Using a fishing net isn’t always as simple as it seems. Timing, coordination, and planning will decide the difference between a caught fish versus a lost fish. Fishing nets come with huge advantages, but that doesn’t mean that it’ll work as designed every single time. Believe it or not, many fishermen lose fish because of their net.
Don’t get it wrong—there are many elements out of our control when the net comes out; water current and direction, where you’re standing, physical barriers, boat position, and most of all—the fish itself—all have uncontrollable elements to them. So, with all these uncontrollable factors, netting will never be 100% guaranteed.
With that said, focus on the things you can control to help sway chances in your favor. If you’ve never netted a fish before, then here are a few tips and techniques you can use to help secure your next fish when the time comes. Here’s to more fish caught and less lost.
1. Head First
Fish do not have a reverse. A fish that’s 2/3rds in the net with its head out can still force itself out. A fish 2/3rds in the net with only its tail out is a caught fish.
2. Net at the Surface
If you’re not able to bring the fish’s head to the surface, then it’s not ready to net. Once you’re able to make the fish break the surface of the water, you’ll have the most amount of room to place the fishing net fully underneath for the best opportunity to scoop.
3. Easier Up than Down
Generally, you can raise your arm with more control than when you lower it. This also applies to your arm with a fishing net in hand. It’s easier and quicker to raise the net once it’s fully submerged than it is to sink it deeper. What’s this mean? Submerge your fishing net ahead of time and raise as needed.
4. Keep the Momentum
When you have the fish moving in a direction with its head on the surface, keep the momentum! Take advantage of the momentum to guide the fish right into the net.
5. Use a Big Enough Net
Yes—sometimes your net is just not large enough. Don’t run the risk of losing the fish by forcing it into a small fishnet. If it’s a big fish, grab the meaty part around its tail. This is the thinnest part of the fish and a very meaty part away from the organs. Here you can safely apply the pressure you need to control it.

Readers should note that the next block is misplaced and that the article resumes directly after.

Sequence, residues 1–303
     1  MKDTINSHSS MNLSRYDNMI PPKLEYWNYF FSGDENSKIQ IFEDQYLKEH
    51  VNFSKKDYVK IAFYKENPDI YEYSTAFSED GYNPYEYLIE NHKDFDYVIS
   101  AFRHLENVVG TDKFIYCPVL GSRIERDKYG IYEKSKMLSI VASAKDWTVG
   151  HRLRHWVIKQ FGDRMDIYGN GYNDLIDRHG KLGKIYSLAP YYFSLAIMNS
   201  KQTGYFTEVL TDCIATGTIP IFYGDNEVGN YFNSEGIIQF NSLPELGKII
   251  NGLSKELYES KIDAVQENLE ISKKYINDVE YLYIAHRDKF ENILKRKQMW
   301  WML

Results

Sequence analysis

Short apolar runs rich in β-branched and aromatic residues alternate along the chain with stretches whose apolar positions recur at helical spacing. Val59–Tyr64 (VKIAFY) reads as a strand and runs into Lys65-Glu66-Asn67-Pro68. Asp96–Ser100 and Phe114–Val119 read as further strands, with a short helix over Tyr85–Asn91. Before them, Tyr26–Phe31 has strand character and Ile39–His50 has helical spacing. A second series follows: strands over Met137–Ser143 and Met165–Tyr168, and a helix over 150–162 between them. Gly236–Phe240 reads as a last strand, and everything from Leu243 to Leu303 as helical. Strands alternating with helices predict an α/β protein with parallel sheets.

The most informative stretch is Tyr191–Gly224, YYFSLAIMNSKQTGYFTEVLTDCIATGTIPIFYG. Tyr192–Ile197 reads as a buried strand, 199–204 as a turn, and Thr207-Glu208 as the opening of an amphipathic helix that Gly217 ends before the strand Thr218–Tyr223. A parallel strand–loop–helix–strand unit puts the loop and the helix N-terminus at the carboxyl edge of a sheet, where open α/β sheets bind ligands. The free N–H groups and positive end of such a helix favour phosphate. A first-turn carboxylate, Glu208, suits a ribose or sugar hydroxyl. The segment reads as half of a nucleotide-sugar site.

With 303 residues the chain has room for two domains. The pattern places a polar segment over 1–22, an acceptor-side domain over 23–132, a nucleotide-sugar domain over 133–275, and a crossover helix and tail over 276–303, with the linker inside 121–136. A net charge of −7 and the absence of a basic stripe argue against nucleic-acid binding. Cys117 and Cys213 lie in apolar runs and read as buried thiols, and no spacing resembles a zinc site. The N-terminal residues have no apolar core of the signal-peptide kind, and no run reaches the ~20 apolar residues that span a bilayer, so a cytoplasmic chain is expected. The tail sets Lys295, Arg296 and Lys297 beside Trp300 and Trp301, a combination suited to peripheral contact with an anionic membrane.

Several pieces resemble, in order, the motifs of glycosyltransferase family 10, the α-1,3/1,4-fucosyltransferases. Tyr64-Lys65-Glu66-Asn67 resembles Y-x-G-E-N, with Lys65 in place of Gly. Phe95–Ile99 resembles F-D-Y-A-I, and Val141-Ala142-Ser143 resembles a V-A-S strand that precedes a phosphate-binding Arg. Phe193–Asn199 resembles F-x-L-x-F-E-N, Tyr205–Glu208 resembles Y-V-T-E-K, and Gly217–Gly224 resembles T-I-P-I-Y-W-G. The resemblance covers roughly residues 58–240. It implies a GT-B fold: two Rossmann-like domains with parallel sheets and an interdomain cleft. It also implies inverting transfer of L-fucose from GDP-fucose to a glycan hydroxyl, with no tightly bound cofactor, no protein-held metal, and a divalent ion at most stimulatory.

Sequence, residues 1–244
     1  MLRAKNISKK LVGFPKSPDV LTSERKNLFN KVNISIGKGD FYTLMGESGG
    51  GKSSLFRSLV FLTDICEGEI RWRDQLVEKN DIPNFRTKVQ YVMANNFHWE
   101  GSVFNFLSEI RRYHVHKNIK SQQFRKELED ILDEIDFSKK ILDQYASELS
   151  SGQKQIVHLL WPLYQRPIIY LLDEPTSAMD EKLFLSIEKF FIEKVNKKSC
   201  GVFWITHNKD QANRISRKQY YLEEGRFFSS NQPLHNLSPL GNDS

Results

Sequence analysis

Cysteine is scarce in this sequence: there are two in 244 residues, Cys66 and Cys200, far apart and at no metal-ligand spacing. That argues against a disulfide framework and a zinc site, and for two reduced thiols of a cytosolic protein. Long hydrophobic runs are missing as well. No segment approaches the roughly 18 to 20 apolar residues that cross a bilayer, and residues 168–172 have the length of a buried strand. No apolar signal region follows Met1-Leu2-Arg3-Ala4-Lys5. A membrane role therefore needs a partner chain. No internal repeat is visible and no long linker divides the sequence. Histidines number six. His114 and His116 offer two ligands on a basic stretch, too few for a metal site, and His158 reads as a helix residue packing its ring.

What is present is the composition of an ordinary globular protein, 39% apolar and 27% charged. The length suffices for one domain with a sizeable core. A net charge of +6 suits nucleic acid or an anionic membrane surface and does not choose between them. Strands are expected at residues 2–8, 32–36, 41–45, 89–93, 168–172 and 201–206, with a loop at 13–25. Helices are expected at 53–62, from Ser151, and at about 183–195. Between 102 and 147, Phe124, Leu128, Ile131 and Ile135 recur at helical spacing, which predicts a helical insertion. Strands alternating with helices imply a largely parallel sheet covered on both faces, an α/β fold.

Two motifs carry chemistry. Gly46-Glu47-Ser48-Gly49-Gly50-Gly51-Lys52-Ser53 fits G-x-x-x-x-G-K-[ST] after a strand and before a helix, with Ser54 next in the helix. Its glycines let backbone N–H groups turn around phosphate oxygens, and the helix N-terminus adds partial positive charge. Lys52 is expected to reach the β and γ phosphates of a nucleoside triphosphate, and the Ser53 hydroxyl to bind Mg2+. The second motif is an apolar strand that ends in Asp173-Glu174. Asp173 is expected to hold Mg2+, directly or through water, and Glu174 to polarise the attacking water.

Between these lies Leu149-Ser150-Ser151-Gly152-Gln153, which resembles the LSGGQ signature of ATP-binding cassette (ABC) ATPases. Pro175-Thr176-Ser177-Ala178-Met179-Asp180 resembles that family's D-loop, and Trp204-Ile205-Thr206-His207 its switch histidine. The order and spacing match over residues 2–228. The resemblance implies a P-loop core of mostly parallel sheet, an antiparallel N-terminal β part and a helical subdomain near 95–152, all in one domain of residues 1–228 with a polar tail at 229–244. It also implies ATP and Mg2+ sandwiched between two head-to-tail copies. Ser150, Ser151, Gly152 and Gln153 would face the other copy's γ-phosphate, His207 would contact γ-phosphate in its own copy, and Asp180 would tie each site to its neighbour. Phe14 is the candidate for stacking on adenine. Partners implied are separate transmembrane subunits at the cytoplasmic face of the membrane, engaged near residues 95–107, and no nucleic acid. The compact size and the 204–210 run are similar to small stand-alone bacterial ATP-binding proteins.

6. Expand Your Reach
When you’re solo, you might have to expand your reach at some point to get that final foot or two. To solve this predicament, place yourself directly between yourself and the fish and extend both your arms directly away from each other.
7. Keep Guides Free of Leader Knots and Swivels
Never bring your swivels or knots past the rod tip into the rod guides. If your fish decides to make another short run, your swivel or knot might catch the guide and create too much pressure on the hook. The result? Possibly a lost fish. Too much pressure is usually the main culprit for lost fish at the boat or your feet.
8. Find a Calm Area if Possible
If you’re fishing in current, try to work your fish into calmer water if that’s possible. This could be a slow pool for example. Try to keep your fish ahead of you (upstream) when you make the attempt to bring its head up. That way you can work with the current and not against it. Working against the current places a lot of pressure on your hook, so much so that might pull it out of the fish’s mouth. This is a circumstance even experienced fisherman have trouble with; it’s just part of fishing.
General solution? Work your fish from upstream to downstream if possible. Keep your line tight as the rod and current work together to bring the fish right into your net.
9. Get Into the Water
Sometimes, fish get spooked bringing them into very shallow water. This is the last place they want to be. If possible, go out to the edge of the shallows for a better opportunity. Also, if the fish is too big or you just can’t get enough leverage, getting into the water with it will allow you to secure it and help keep it calm.
10. Designated Netter
If you fish with a friend, then that’s who should have the net. Or, if you prefer, or if the situation calls for it, you can hand them your rod so you can net. Just don’t net solo if you don’t need to.
Tip #1: Help Your Fishing Buddy
If your buddy has a nice fish on, stop fishing for a moment and go over to see if he or she needs help. Especially for nice fish, help is often more than welcomed to help land it.
Tip #2: Use a Rubber Fishing Net
Use a rubber fishing net, if possible. While traditional-style fishing nets made with nylon or rope work just as well to secure fish, they’re harsh on the fish and are great at removing the slimy coat they have for protection. Rubber fishing nets greatly reduce this effect; they secure fish just as well as the nylon and rope, but provide protection. If we want to release fish in the same state in which we caught them, then using rubber nets is a very effective tool we can use to help prevent injury. This contributes to keep our fish populations healthy to be caught another day.